Core Beliefs of a Tribal Group

The current tribal groups within Germanic Heathenry for the most part share some common beliefs.

Innangardhs/utangarths: The idea of innangardhs/utangarths is based on the ancient Heathen mindset concerning the tribe. The tribal group is viewed as an enclosure. This enclosure is made up of smaller enclosures, that is, communities, and family units. The most important group of any tribe would be its families. All outside the enclosure is seen as not effecting its existence, unless it intrudes. If an intrusion is friendly, no problem. If it is not friendly, the tribe reacts to defend its self. This core belief in the tribe as an enclosure is related to many of the other core beliefs in tribal orlog, "luck", and even frith.

Frith: The word frith derives from Indo-European *priyas, "one's own." Many other words derive from this root word such as Old English freogan "to love," freodom "freedom," and Old Norse Freyr, the god. According to most Old English dictionaries, the word frith meant "peace, tranquility, security, or refuge." It also referred to the special protection offered by the tribe and the penalty for breaching that protection. A verb form, frithian meant "to make peace with, cherish, guard, defend, or keep." For the Heathen neo-tribe it means the peace and security that must be maintained to ensure the group's prosperity. A breach of frith can affect the group's luck and orlog.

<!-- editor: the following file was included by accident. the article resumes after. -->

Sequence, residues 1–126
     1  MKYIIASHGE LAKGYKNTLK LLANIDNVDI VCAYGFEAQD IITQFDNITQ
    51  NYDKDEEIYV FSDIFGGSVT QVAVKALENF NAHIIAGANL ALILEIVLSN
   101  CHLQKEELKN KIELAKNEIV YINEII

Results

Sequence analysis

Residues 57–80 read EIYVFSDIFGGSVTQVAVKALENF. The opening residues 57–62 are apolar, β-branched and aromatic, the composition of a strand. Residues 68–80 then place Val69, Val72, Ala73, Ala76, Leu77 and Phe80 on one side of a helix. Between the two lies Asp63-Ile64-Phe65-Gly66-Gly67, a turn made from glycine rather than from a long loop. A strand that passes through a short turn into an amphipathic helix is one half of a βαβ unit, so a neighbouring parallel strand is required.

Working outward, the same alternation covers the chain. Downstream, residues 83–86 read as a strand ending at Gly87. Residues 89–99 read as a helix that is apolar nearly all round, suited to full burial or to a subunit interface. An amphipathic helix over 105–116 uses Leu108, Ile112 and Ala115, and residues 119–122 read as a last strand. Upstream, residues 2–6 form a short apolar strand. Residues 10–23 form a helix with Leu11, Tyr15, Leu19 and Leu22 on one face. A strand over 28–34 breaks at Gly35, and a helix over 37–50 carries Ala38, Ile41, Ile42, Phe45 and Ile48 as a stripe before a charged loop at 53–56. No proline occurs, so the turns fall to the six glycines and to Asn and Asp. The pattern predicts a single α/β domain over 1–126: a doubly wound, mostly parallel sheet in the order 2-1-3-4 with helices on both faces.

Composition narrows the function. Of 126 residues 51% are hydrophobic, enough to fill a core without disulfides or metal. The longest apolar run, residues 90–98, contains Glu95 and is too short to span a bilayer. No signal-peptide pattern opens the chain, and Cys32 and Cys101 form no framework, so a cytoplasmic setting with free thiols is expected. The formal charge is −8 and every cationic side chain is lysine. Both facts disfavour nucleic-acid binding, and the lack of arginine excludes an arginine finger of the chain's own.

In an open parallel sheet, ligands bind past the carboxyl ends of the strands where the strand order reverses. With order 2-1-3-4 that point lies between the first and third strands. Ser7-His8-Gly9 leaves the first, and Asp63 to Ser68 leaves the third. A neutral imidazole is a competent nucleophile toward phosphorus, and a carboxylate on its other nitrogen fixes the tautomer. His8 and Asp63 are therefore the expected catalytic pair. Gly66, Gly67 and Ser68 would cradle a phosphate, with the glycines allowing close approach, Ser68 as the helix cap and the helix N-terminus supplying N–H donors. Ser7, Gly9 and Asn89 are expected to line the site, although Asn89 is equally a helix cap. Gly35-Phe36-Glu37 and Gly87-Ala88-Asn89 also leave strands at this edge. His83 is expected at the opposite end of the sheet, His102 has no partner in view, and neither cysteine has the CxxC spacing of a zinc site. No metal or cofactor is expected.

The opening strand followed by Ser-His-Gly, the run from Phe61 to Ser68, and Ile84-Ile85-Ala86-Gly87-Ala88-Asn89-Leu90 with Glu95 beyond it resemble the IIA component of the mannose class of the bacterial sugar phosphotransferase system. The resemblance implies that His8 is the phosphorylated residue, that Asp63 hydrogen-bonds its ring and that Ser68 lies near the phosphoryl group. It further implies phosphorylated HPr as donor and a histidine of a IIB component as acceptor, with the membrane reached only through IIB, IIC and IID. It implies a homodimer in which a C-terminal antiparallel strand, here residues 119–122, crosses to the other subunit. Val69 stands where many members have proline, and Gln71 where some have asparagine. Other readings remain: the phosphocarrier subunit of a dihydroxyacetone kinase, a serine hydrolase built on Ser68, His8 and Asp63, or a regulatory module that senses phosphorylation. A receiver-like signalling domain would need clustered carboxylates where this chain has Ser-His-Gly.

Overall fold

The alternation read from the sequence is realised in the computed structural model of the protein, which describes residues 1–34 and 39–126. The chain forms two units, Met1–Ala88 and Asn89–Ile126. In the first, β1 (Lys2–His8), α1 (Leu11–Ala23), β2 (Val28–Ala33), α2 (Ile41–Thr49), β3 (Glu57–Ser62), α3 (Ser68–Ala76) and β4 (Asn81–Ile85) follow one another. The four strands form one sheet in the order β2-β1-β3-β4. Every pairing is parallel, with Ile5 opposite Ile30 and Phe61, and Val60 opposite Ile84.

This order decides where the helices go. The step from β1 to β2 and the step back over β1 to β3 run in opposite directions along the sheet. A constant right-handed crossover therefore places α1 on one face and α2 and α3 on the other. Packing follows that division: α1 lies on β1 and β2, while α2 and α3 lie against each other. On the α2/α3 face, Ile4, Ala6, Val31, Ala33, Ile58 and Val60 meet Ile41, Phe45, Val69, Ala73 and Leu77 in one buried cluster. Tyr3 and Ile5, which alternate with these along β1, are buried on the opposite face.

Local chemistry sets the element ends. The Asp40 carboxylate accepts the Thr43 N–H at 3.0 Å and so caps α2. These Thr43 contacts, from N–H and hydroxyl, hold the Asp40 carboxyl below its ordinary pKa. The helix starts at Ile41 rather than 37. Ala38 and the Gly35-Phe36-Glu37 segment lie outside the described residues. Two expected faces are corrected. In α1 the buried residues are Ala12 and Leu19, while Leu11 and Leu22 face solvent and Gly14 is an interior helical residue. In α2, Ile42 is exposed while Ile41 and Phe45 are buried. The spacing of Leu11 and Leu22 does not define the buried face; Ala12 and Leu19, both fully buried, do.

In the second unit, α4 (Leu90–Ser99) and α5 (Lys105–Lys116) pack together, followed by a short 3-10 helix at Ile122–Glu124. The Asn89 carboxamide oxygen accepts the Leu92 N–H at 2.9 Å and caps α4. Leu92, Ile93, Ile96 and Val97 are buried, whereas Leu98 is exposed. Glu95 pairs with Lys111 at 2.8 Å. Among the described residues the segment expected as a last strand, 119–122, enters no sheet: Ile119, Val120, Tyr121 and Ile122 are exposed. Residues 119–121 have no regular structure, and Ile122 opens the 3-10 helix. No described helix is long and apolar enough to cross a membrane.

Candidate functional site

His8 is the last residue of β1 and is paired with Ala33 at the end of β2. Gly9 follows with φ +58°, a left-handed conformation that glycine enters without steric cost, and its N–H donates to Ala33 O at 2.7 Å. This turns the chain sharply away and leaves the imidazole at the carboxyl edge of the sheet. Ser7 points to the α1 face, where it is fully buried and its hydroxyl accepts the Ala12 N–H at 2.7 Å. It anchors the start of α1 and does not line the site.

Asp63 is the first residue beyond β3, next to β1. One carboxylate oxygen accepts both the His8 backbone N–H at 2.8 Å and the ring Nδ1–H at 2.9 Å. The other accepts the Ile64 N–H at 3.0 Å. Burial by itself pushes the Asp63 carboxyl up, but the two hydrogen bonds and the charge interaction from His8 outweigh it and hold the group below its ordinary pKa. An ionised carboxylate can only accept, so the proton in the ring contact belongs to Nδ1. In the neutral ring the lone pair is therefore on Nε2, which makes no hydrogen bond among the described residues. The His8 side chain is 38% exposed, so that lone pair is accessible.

Tribal Orlog and Maegen ("luck"): Just as individuals have maegen ("hamingja" or "luck") that is determined by their deeds, and an orlog that determines the course their lives will take (again based on their deeds), tribal organizations feel as a whole they do too. As such, the orlog and maegen of a group are determined by its actions as a collective whole. This was the earliest theological basis for Heathen law. Law was seen as that which was laid down in the Well of Wyrd ot guide the tribe.

These beliefs along with the standard beliefs of Asatru and Germanic Heathenry in the Gods, wights, and Wyrd form the core of neo-tribalism To read more on them, it is suggested you read the relevant sections of the Ealdriht Handbook.

Geographical Proximity

Ideally even a neo-tribe would live in the same area. This helps strengthen the tribal identity, and gives a chance for weekly if not day to day interaction. However, this has not often worked out. The Angelseaxisce Ealdriht, one of the larger tribal organizations has strove for formng Maethels and Mots "micro-tribes" if you will with a small degree of success. However, it has not been on a scale to see if it indeed would work any better than members spread across a wide area. Theodish Belief's Frisian Rice is very localized as well, and this may account for their numbers (they are one of the larger Theodish groups). It is hoped however, that tribal groups will be able to form on a geogrpahical basis. In theory, any local kndred that uses a tribal council, has its own traditions, and an elected chief could be thought neo-tribal. If that is the case, many Asatruar are already practicing neo-tribalism.


Neo-tribalism is not far different from typical modern Germanic Heathenry or Asatru. The primary differences lie in how they are governed and sometimes (but not always) the addition of some form of ranking system. Even then groups have a wide range of how they operate ranking system. Most do however seem to cater more to the individual members than other groups and try to keep a balance of group and individual interests.